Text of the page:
Materials and methods

Patient selection

Patients were identified from the BCMS, a database housed in the Department of Breast Medical Oncology at MD Anderson that includes all patients with a diagnosis of breast cancer assessed and treated at the institution since January 1997. Included in this study were all female patients with a history of stage I–III primary TNBC who survived to 5 years from diagnosis without disease recurrence or development of second primary breast cancer and had been seen in the breast centre or cancer survivorship clinic at MD Anderson from 1 January 1997 when the database was started until 7 April 2015 when the analysis for this project was begun. To minimise referral selection bias, we limited our study population to patients who had presented to MD Anderson within 3 months of diagnosis. The study was approved by the institutional review board that granted a waiver of informed consent for the study.

TNBC was defined as ER-negative or <10% if the percentage was specified, PR-negative or <10% if the percentage was specified, and HER-2/neu status 0 or 1+ by immunohistochemistry analysis or 2+ with negative fluorescence in situ hybridisation (HER2/CEP17 ratio of <2 or HER2 gene copy number <4). Patients with any missing receptor information or a missing pathology report were excluded from the analysis; however, patients were included in this study if receptor status was defined as ‘negative’ even if percentage was missing. The MD Anderson electronic medical record was reviewed to verify the receptor status of all the patients included in this study. Patients with concurrent non-TNBC and/or who developed a second primary breast cancer even after 5 years of disease-free survival were also excluded to minimise competing risks.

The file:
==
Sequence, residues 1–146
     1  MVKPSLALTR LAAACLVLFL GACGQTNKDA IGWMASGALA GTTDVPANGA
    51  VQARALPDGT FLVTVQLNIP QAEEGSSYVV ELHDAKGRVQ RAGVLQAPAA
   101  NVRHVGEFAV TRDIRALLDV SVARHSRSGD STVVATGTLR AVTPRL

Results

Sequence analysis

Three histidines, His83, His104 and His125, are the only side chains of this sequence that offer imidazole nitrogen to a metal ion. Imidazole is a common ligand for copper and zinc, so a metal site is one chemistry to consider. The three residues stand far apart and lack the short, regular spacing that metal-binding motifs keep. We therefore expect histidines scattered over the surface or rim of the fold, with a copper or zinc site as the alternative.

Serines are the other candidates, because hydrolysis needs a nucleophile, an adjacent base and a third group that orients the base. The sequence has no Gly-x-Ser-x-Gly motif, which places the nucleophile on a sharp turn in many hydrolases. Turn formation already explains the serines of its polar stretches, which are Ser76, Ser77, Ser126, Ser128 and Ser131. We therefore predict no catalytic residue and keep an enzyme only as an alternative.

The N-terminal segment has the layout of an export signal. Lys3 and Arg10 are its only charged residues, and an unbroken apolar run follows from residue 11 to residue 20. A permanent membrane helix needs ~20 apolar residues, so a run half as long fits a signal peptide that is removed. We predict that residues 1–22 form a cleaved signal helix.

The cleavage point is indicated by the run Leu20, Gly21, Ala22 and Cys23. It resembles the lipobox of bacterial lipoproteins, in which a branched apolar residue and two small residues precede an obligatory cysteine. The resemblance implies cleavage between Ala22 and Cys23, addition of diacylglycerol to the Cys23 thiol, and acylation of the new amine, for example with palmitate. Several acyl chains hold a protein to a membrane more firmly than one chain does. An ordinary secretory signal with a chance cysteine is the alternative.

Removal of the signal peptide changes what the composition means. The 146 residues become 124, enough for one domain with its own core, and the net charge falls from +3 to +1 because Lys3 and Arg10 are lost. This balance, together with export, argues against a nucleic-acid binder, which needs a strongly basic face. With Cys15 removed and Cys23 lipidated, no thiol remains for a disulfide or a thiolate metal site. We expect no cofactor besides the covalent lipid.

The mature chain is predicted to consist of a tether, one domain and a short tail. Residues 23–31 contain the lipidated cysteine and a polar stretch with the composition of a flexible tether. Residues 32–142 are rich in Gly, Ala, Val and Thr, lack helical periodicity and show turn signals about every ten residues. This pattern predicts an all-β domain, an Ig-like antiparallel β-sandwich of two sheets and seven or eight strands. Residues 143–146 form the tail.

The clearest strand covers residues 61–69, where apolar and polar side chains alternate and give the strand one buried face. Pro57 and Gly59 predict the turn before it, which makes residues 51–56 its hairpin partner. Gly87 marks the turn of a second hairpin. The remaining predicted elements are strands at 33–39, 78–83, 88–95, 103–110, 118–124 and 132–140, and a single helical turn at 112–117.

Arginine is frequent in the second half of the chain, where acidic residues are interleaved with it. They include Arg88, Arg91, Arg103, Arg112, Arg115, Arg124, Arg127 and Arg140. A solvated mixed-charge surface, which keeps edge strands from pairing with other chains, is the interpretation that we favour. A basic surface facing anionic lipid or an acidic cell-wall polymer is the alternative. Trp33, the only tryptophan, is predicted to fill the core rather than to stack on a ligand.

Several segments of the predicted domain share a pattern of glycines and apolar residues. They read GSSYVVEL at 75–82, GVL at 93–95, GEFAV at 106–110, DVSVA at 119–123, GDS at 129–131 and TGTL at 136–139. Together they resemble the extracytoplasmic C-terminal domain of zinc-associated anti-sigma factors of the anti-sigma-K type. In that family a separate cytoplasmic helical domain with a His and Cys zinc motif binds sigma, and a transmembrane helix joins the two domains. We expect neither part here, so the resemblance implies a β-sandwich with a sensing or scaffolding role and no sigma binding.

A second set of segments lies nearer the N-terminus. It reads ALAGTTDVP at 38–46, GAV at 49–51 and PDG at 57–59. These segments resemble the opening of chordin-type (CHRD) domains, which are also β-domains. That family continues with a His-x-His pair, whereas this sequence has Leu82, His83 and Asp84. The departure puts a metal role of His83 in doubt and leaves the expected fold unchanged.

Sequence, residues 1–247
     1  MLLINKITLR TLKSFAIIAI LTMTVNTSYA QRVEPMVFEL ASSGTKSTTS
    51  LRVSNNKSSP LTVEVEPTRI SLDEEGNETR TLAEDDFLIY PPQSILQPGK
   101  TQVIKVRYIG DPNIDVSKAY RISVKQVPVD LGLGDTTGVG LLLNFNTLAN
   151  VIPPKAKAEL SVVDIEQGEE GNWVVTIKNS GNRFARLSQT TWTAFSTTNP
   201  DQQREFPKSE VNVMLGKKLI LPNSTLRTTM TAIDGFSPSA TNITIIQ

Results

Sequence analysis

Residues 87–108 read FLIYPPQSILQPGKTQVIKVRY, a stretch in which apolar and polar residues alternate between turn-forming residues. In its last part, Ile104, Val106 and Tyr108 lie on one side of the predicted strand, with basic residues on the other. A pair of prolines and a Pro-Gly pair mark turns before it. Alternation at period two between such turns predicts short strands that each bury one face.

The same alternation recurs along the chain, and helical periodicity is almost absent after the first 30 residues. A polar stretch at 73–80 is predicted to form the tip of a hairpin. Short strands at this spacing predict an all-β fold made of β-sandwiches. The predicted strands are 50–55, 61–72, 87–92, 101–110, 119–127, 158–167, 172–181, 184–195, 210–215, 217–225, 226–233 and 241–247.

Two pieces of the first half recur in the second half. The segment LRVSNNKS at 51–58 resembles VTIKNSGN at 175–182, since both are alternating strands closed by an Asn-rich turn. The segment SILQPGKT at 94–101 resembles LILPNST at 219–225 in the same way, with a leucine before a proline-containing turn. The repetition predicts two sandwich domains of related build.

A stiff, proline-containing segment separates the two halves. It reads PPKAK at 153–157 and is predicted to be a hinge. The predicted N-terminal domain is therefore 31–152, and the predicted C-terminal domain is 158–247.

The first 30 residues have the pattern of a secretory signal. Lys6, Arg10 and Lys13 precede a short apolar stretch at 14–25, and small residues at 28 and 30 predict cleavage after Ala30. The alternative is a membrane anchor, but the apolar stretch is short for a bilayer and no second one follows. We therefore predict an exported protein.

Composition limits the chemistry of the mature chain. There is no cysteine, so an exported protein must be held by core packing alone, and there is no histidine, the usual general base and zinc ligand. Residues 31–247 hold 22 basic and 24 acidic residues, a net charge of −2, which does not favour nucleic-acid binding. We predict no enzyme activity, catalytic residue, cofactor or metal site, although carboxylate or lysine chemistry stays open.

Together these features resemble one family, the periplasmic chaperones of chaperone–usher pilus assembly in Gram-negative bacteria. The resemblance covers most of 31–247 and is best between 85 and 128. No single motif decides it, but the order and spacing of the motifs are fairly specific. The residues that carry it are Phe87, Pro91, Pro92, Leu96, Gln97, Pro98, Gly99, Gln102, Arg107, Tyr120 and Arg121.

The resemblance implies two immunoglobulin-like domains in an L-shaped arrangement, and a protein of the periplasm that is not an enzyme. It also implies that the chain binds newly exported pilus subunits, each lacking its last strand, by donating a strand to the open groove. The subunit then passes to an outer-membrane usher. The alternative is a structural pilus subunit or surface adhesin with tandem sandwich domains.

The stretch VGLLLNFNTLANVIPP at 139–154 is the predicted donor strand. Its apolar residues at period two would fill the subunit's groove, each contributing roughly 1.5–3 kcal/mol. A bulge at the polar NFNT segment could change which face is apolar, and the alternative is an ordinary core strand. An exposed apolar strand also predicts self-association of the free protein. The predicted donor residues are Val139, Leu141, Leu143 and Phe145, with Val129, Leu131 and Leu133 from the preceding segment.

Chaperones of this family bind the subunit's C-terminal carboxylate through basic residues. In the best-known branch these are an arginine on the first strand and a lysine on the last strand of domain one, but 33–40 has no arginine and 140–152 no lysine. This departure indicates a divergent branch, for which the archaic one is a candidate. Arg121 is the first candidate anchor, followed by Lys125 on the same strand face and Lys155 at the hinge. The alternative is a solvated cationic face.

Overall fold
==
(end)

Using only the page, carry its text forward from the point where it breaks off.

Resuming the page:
Variable and outcome definitions

The database was used to gather information regarding patient demographics (age, race, and body mass index), cancer stage (including TNM stage), tumour characteristics (receptor information and tumour histologic type and grade), type of therapy (surgery, chemotherapy, radiation therapy, or endocrine therapy), dosing and administration details of chemotherapy, and pathologic and clinical outcomes. Clinical outcomes included local recurrence, distant recurrence, breast cancer-related death, non-breast cancer-related death, and death from unspecified cause. These clinical end points were translated to the outcomes of interest on the basis of the STEEP criteria. Recurrence-free interval (RFI) was measured from the date of diagnosis of primary cancer to the date of first invasive ipsilateral breast tumour recurrence, local or regional invasive recurrence, distant recurrence, or death documented because of breast cancer. Recurrence-free survival (RFS) was measured from the date of diagnosis of primary cancer to the date of the first invasive ipsilateral breast tumour recurrence, local or regional invasive recurrence, distant recurrence, or death from any cause. Distant relapse-free survival (DRFS) was measured from the date of diagnosis of primary cancer to the date of first distant recurrence or death from any cause (Hudis et al, 2007). Patients were censored at the date of their last follow-up for those who did not have an event.

Statistical analysis